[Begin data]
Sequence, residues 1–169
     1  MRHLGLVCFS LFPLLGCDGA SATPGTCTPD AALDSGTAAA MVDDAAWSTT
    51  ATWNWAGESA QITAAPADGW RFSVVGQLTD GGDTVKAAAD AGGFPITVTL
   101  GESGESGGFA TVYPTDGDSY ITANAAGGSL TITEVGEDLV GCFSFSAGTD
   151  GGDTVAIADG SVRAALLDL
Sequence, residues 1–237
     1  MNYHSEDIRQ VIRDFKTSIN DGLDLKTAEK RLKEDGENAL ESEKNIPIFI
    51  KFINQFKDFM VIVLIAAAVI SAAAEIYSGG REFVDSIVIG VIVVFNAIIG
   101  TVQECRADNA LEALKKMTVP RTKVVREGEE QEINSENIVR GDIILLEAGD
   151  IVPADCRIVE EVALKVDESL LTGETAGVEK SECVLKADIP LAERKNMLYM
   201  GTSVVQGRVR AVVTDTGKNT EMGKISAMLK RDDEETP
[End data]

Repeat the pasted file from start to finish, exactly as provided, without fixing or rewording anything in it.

Sequence, residues 1–169
     1  MRHLGLVCFS LFPLLGCDGA SATPGTCTPD AALDSGTAAA MVDDAAWSTT
    51  ATWNWAGESA QITAAPADGW RFSVVGQLTD GGDTVKAAAD AGGFPITVTL
   101  GESGESGGFA TVYPTDGDSY ITANAAGGSL TITEVGEDLV GCFSFSAGTD
   151  GGDTVAIADG SVRAALLDL
Sequence, residues 1–237
     1  MNYHSEDIRQ VIRDFKTSIN DGLDLKTAEK RLKEDGENAL ESEKNIPIFI
    51  KFINQFKDFM VIVLIAAAVI SAAAEIYSGG REFVDSIVIG VIVVFNAIIG
   101  TVQECRADNA LEALKKMTVP RTKVVREGEE QEINSENIVR GDIILLEAGD
   151  IVPADCRIVE EVALKVDESL LTGETAGVEK SECVLKADIP LAERKNMLYM
   201  GTSVVQGRVR AVVTDTGKNT EMGKISAMLK RDDEETP